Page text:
Named for General Duncan Lamont Clinch, a prominent figure of the Second Seminole War, construction of Fort Clinch began in 1847. It is one of a series of masonry forts constructed between 1816 and 1867 known as the Third System Fortifications. The fort was built at the mouth of the St. Mary’s River to protect the natural deep-water port of Fernandina— the eastern link of Florida’s only cross-state railroad. Never fully completed, the fort still served as a military post during the Civil War, Spanish-American War and World War II.
Fort Clinch became one of the state’s first parks in 1935. The Civilian Conservation Corps (CCC) began restoring the buildings at the fort in 1936.
The Civilian Conservation Corps (CCC) Role at Fort Clinch
CCC Company 1420 worked at Fort Clinch State Park constructing the museum, campground and park roads as well as beginning the restoration of historic Fort Clinch by removing more than 10,000 cubic yards of sand and debris from the Fort. Imagine removing this much sand by shovel and wheelbarrow as the men of the CCC did!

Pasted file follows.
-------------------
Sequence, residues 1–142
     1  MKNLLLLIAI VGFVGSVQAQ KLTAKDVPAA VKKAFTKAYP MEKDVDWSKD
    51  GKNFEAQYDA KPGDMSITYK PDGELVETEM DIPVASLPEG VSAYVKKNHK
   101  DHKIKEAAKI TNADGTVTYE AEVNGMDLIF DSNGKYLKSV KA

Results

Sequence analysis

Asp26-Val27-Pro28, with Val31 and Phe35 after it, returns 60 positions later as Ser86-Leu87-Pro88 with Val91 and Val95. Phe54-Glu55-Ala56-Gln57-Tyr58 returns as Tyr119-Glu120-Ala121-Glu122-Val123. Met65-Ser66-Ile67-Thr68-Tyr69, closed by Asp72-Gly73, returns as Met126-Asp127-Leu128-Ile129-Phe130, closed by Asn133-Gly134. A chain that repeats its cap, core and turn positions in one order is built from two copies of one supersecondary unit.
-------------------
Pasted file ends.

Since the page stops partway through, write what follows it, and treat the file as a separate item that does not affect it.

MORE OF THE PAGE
Continuing where the CCC ended, the Florida Park Service has managed Fort Clinch State Park, working to restore several historic structures inside the fort, stabilizing masonry and steel components and interpreting the facility as an important Civil War site. Florida State Parks have made numerous upgrades including expanded camping facilities, a beach use area and fishing pier, group camping facilities and more.